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Nearly 2,000 people filled a Santa Rosa church Sunday to honor the memory of a 14-year-old boy whose accidental death at a racetrack caused a community to reflect on his poise and character.

Marcus Johnson, an eighth-grader at Rincon Valley Middle School, was unabashed in the warmth he showed his younger brother Hayden in school hallways and in the respect he showed his teachers, said Rich Cundall, a pastor from Hessel Church in Sebastopol.

"He'd shake the hands of adults and opened doors for people," said Cundall, who opened Sunday's two-hour service at the Santa Rosa Bible Church on Badger Road.

Johnson was watching a sprint car race in Marysville on March 16 when his cousin's car failed to make a turn on the track, possibly when the steering wheel came off. The car flew about 200 feet into the track's pit area, crashing into Johnson and another bystander, Dale Richard Wondergem Jr., 68, of Grass Valley, who also died.

On Sunday, hundreds of people filled the pews in the main sanctuary at the Rincon Valley church as speakers shared memories of Johnson. Hundreds more watched a live broadcast from auditorium bleachers and folding chairs in the hallways.

Johnson was a competitive basketball player and in the seventh generation of a pioneer Sonoma County family with deep ties to sprint car racing.

The broad-smiled, blue-eyed boy was remembered as having graceful athleticism, boundless enthusiasm and an empathy for others that stood out.

Johnson ran the most laps at Sequoia Elementary School's annual fundraising "walk-a-thon" during six of the seven years he was a student there.

"The sun was fading, the DJ was packing up the booth, and there was Marcus, drenched in sweat. We had to pull him off the track," Principal Matt Reno said.

The school renamed the award for the most laps the "Marcus Johnson Golden Shoe Award."

Patrick Eagle, Rincon Valley Middle School basketball coach and teacher, described Johnson's fastidious matching outfits -- always Los Angeles Lakers' colors -- as well as his tireless effort on the team. Members of the basketball team stood, shoulder-to-shoulder, alongside the coach on the stage.

"You can't coach heart," Eagle said. "Marcus played with a lot of it."

Many who spoke said Marcus Johnson's character was a reflection of his family.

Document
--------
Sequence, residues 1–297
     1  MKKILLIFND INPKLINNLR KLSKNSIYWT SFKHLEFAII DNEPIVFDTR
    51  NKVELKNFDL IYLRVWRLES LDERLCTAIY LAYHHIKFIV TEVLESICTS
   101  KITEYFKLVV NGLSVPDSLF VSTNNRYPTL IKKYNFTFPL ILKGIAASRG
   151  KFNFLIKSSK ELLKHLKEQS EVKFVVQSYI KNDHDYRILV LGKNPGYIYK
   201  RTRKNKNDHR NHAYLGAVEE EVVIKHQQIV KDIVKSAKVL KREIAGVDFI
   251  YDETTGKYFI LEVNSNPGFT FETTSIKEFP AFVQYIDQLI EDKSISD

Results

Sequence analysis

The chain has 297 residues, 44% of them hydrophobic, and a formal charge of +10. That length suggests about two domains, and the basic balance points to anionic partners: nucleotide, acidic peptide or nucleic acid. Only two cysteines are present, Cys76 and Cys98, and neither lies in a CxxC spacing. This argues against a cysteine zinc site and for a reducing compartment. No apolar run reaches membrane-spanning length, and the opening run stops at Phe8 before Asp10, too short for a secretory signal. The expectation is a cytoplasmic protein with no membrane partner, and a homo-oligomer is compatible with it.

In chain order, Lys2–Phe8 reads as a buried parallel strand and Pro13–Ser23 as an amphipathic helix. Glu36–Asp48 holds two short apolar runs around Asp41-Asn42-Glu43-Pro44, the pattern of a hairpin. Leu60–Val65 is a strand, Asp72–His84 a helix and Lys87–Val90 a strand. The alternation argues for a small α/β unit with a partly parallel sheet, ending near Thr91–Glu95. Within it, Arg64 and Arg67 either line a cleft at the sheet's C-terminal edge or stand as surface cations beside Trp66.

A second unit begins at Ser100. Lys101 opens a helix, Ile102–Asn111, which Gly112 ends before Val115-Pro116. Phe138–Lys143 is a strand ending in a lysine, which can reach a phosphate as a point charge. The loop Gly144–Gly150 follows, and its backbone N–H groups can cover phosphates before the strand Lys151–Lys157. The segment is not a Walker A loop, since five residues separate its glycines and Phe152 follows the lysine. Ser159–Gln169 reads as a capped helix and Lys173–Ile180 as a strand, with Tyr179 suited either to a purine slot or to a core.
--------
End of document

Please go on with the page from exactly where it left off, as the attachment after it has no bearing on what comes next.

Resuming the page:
Johnson's parents, Gina and Rob Johnson, tightly held one another as they took to the podium.

Gina Johnson took great lengths to thank all the people who had rallied around her family, bringing food, sending cards and helping them manage the painful decisions and days since his death.

Gina Johnson gestured to several pews filled with members of the Cardinal Newman boys basketball team, fresh from earning second place at the state championship. Johnson was to start high school in the fall.

"Congratulations on an awesome season, I just had to say it, I can't believe you are here," Gina Johnson said.

Then she turned to memories of her son.

She talked about listening from the kitchen to her two sons playing basketball together after school.

She talked about the care Marcus took with his hair and his meticulous display of his beloved basketball shoes.

She talked about the pain she feels each day that she doesn't pick him up from school, knowing how much Marcus looked forward to getting his braces removed, starting high school classes and basketball games.

"I'm saddened and still stunned that it is over," Gina Johnson said.

She remembered the day Marcus told her he could no longer wave to her when she dropped him off at school because he had been teased about it. The reaction surprised her, because her son didn't usually worry about how others perceived him.

But Marcus Johnson didn't stop waving to his mother.

Instead, he dropped his hand behind him and waved his hand, just for her.

You can reach Staff Writer Julie Johnson at 521-5220 or julie.johnson@pressdemocrat.com. On Twitter @jjpressdem.